of Murano Glass
Its birth, rise to prominence,
--and magnificent revival
Murano is a small group of islands lying on the edge of the Adriatic
Sea in the lagoon of Venice,
about 3,000 meters north of the larger group of islands comprising
the city of Venice.
the 100 years between 1860 and 1960 the glass producing firms located
on Murano rose to world leadership in the production of decorative
glass objects. One of the most remarkable aspects of this remarkable
achievement is that it was the second time that Murano had attained
that pinnacle--and the two occasions were separated by 500 years.
triumph. Glassmaking existed in the lagoon of Venice from as early
as the 8th century. In ensuing centuries the artisans of Venice began
to accumulate some singular skills in glass production--gathered presumably
in the course of the Republic of Venice's extensive trade throughout
the Eastern Mediterranean and in the Islamic territories of the Levant
and North Africa. In this connection, the conquest of Constantinople
in 1204 by the wayward Fourth Crusade was
a watershed event, opening to Venice the practices of the glass producers
of that great imperial city.
1291 the glassmakers of the Venetian lagoon had distilled all of that
knowledge into unique and proprietary production skills. In that year
the government of Venice banned glass furnaces from the central islands
of Venice, relegating them to Murano. Most historians have assumed
that the order resulted from a fear that the fires of the glass furnaces
might create a tragic conflagration among the largely wooden structures
of crowded Venice. However, it has been plausibly suggested that the
move was made in order to isolate the master glassblowers and prevent
their sharing their valuable glassmaking knowhow with foreigners.
In fact, the glassblowers became virtual prisoners on Murano, insulated
from any contacts who might divulge their production secrets to potential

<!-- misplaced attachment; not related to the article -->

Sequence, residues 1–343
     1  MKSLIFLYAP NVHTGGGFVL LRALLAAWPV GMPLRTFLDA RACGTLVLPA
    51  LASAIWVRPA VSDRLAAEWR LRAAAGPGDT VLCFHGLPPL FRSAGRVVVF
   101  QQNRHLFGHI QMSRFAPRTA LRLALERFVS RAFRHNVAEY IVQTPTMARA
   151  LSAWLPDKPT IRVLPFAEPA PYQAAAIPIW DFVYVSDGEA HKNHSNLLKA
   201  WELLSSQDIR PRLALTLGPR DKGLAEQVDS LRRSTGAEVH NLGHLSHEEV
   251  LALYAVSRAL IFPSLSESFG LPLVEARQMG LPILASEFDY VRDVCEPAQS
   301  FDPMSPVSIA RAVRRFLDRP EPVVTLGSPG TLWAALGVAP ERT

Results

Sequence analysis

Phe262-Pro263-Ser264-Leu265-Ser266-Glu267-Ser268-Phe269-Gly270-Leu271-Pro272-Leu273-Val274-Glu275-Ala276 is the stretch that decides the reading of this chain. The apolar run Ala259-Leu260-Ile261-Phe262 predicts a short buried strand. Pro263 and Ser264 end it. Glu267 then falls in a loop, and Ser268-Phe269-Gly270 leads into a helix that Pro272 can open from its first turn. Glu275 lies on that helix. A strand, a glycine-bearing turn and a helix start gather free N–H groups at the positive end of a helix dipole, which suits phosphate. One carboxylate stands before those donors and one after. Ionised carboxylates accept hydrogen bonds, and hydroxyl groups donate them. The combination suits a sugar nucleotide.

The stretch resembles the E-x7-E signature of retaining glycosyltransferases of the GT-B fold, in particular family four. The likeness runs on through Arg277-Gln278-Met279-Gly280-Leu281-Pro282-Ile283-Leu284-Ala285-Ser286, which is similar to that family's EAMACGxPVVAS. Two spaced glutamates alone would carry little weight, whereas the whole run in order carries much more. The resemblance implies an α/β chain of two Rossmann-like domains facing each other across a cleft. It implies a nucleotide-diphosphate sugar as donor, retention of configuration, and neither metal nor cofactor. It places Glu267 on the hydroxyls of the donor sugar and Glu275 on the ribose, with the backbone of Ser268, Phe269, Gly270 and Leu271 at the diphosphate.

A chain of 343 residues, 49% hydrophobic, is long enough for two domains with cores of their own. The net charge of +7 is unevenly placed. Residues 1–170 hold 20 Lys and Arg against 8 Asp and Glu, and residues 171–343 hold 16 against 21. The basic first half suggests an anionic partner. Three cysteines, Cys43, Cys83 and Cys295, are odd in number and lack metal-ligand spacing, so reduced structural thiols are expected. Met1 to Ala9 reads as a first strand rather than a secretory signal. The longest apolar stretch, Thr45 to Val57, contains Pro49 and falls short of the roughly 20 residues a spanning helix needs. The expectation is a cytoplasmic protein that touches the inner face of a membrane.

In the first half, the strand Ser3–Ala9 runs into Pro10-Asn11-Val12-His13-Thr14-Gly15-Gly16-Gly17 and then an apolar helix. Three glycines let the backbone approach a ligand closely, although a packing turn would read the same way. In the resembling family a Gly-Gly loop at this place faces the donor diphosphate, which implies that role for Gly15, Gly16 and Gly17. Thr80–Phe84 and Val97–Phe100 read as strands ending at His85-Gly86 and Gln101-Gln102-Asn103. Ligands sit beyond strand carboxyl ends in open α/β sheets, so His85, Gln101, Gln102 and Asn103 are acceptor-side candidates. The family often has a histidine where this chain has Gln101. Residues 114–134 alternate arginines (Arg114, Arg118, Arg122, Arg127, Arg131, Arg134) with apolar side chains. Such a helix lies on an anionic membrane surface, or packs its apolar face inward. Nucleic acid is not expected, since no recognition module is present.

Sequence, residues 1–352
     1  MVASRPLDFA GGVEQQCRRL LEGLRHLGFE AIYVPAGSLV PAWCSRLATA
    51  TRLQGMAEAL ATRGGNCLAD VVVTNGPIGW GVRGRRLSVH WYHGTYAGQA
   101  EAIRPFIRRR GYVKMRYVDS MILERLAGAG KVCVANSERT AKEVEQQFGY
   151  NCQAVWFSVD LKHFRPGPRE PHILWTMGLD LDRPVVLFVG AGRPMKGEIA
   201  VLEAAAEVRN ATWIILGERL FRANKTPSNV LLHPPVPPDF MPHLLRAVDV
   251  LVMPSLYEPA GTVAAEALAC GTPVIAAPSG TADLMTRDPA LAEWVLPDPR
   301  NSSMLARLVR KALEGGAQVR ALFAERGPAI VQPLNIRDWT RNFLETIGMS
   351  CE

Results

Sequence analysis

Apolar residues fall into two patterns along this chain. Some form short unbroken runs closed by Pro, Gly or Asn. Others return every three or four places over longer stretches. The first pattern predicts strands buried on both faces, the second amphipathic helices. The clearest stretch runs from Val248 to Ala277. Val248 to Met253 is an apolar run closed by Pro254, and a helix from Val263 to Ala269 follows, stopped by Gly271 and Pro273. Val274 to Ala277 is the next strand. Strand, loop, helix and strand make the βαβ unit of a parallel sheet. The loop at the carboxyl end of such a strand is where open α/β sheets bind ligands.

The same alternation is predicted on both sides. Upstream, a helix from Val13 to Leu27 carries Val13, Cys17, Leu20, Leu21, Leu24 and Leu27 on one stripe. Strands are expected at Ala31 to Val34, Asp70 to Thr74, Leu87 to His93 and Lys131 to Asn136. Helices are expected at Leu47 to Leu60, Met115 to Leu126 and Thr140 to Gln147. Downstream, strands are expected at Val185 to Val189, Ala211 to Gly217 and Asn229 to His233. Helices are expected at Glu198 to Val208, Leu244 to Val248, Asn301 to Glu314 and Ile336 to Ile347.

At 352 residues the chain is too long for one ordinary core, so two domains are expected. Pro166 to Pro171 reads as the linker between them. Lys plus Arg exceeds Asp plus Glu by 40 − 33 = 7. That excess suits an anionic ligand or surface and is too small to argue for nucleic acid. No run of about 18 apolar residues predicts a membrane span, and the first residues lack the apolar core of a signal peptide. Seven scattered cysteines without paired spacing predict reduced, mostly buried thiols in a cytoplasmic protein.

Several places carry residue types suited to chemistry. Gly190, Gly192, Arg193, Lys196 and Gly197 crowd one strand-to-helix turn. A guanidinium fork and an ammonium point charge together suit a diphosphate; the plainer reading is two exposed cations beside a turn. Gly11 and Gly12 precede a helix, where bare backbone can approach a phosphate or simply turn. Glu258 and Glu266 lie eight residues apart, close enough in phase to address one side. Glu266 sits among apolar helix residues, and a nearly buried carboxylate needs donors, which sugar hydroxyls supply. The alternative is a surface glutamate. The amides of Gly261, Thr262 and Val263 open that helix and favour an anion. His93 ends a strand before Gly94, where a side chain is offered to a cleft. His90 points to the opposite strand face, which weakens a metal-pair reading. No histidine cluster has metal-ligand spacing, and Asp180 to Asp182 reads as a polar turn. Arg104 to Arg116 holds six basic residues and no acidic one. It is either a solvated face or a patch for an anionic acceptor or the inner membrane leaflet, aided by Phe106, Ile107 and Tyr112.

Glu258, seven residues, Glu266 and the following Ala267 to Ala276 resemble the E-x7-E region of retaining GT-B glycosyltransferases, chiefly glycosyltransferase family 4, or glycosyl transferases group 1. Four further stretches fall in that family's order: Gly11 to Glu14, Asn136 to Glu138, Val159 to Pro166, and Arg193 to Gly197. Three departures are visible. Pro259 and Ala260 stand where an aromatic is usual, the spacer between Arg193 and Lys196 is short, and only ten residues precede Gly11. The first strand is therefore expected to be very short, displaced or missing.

competitors abroad. Venetian--or Murano--glassmaking became the leading
source for fine glass in Europe and a major source of trading income
for the Republic of Venice.
of the glass of that period, though luxurious, was utilitarian. Mirrors,
for example, were major revenue producers, but beautiful and intricate
decorative objects were produced as well, often exhibiting complex
new techniques developed by Murano's extraordinary artisans.
secular decline. Yet trade domination built on monopoly--especially
a monopoly in knowhow--is inherently unstable. By the 1600s important
rival centers had begun to emerge, notably in France and Moravia.
At the same time, shifting trade routes began to undermine Venice's
strategic trading advantages. As a result, the decline in Venice's
general political and commercial importance after 1600 was mirrored
by the gradual, long-term decline of its glass industry on Murano.
Final collapse for both the republic and the industry came with the
conquest of Venice by Napoleone's French
forces in 1797, followed in 1814 by the ultimate transfer of Venice
from France to the Habsburg Empire centered in Austria.
by regulation. Austrian sovereignty brought swift regulatory strangulation
to Murano, as the Habsburg government overtly favored the other glassmaking
center within its Empire, Bohemia. The import into Murano of the requisite
raw materials was severely restricted or punitively taxed. As a result,
the number of active glass furnaces on Murano plunged from 24 in 1800
to 13 just 20 years later. Even more telling, only five of those 13
factories produced blown glass; at the others, production was reduced
primarily to decorative beads and other small items that the Empire
needed for trade abroad.
gloomy realist might have predicted that the last furnace fire on
Murano would soon be extinguished. Such a prediction, however, would
have overlooked the fierce, centuries-old creative heritage of the
traditional glassblowing families of Murano. They kept alive--or periodically
rediscovered--the remarkable old techniques that had reached full
flower in the 1400s, even though the new economic and political realities
had virtually eliminated all demand for the elaborate and costly products
that those skills could create.